PetPartners, Inc. is an indirect corporate affiliate of PetPlace.com. PetPlace may be compensated when you click on or make a purchase using the links in this article.
Cats are usually such graceful and delicate creatures, so it can come as a real surprise when they suddenly lean over to a fellow cat and get a good whiff of their rear. Why do cats do this?
It seems pretty weird, especially considering how humans communicate, but it’s actually an important part of feline behavior. Here’s why.
Butt sniffing is a very natural, instinctual, and basic form of cat-to-cat communication. Strangely enough, it is how cats greet and get to know each other, along with sniffing of the chest and neck. Even cats that know each other well will sniff butts to “see what’s new” and reinforce their bond and communication.
The cat butt sniff is the feline equivalent of “hello, how do you do?” and similar to how humans use a handshake when meeting and being introduced to someone. Cats communicate with each other using their strong sense of smell and detect signals in the chemicals in smelly oil from the anal glands.
What a Sniff Can Reveal
To understand what a sniff can tell a cat, it is important to understand how cats are different. There are four main differences in the ways that cats communicate in comparison with human communication.
- The first difference between cats and humans is a cat’s amazing sense of smell. They are reported to have approximately 40 times more smell-sensing cells in their nasal passages than we do. With such a super ability to smell, cats rely on this sensory information far more than humans. It’s so strong that a cat entering a room can perceive if another cat previously in the room was happy, stressed, scared, or in heat. Although it is difficult for humans to completely understand exactly how this works, the “sniff” can somehow also tell the cats if the encounter is likely to be friendly or not friendly.
- Cats have prominent and active scent glands on their head, neck, paws, chest, and base of the tail, as well as active anal glands. These apocrine glands, which sit on each side of a cat’s rectum, produce strong-smelling secretions intended to send chemical signals about that cat’s identity to other animals. These signals include information like the sex of the cat, what the cat is eating, and even some clues about a cat’s emotional state.
- The third difference of note is the presence of the Jacobson’s organ (also known as the vomeronasal organ). This is a small piece of olfactory nerve tissue filled with extrasensory receptors that perceive odors transmitted through the air. Also present in many animals including dogs, snakes, and even elephants, it transmits information to the brain from its position just inside the nose and mouth. You might notice a cat is activating their Jacobson’s organ when they make a funny face called the “Flehman response.” Cats will often tilt their nose up and curl their lip to optimize their ability to “smell” in this way.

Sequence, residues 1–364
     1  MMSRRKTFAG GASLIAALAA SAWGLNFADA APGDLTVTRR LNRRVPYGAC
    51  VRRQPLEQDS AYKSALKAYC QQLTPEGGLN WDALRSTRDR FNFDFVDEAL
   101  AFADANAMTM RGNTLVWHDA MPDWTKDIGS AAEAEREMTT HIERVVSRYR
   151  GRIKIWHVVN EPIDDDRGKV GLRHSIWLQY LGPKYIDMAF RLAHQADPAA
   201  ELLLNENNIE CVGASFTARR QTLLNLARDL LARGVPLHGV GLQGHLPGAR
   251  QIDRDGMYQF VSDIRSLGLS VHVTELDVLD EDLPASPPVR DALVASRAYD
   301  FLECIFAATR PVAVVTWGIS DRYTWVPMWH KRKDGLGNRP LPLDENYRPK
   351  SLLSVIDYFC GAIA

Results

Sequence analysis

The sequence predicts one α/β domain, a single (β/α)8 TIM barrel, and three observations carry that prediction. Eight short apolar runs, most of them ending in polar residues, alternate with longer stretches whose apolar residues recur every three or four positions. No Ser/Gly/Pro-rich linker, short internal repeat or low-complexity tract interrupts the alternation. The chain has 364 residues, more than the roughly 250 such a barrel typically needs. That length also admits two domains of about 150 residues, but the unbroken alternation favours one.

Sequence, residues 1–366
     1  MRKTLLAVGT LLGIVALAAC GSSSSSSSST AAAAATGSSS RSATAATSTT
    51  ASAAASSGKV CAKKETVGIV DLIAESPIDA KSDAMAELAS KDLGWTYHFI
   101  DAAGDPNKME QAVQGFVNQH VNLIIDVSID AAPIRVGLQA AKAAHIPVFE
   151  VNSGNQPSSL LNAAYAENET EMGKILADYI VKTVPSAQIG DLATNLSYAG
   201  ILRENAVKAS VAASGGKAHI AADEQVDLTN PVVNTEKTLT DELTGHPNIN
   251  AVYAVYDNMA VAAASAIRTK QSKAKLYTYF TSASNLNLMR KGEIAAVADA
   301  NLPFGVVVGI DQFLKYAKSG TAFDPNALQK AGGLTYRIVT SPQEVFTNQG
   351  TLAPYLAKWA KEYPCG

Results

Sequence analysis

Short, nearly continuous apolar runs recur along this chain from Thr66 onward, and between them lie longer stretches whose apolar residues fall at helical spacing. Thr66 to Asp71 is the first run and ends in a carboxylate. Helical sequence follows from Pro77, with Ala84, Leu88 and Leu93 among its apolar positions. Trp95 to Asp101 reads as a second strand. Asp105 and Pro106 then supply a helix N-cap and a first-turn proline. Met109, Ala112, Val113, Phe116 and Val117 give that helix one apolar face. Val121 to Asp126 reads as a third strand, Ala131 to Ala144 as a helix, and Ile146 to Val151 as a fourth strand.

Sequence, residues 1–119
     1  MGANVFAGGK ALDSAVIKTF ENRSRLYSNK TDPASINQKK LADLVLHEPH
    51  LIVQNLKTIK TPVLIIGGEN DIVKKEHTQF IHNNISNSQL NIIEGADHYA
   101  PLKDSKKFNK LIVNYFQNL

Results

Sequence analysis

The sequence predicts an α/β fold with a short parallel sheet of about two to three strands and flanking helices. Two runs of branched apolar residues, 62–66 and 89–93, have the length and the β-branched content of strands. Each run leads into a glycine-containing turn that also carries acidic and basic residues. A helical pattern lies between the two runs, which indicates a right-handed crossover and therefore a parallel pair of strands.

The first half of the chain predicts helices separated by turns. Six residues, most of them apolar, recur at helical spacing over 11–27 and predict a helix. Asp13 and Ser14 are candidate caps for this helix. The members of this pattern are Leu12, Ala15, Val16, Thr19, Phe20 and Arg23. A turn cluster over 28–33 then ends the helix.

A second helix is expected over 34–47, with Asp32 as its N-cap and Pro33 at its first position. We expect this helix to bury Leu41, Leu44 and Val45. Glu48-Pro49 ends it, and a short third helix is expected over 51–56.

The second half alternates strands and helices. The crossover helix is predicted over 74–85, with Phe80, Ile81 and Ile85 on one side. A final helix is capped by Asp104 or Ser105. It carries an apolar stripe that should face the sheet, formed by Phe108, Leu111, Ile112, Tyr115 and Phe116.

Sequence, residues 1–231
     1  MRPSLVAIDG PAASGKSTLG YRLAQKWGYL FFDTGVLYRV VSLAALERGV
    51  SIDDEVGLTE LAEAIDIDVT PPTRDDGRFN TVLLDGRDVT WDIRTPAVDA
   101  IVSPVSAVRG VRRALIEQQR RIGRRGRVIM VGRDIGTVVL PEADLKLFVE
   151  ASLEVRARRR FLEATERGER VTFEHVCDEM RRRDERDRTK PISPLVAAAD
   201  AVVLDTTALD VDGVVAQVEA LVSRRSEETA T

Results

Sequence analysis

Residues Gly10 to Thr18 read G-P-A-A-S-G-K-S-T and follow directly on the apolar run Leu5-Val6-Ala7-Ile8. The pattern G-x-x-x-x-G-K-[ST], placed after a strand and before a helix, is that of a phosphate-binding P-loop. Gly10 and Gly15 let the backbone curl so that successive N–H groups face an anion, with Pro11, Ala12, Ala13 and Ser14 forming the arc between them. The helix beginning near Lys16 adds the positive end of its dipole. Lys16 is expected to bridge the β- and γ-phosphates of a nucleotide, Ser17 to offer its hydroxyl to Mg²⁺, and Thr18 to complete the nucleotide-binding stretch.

- The last big difference is that unlike humans, cats will reintroduce themselves frequently, sometimes several times in a day or even an hour. Any change or stimulus will often lead to the butt sniff. Some believe the “sniff” can actually relieve tension and stress by helping an individual feel more comfortable about the other cat. Two cats living in the same house may smell each other when one comes in from the outside or comes back from the vet to confirm information about the cat’s state including diet, stress, availability for mating, and mood.
What You Should Do During Butt Sniffing
Behaviorists suggest that because the butt sniffing routine is a normal part of cat behavior, it’s best not to interrupt it if the cats seem friendly. Interrupting this behavior is equivalent to you stopping a friend from shaking hands with someone they are meeting: it can annoy or upset the friend and can make the introduction awkward. In fact, lack of this butt sniffing communication between cats can create stress between the cats.
With that being said, some cats are more aggressive “sniffers” than other cats and not every cat that meets will actually like each other. If the sniffing gets intense and you notice any other signs of aggression, then it is appropriate to pull your cat away from the other.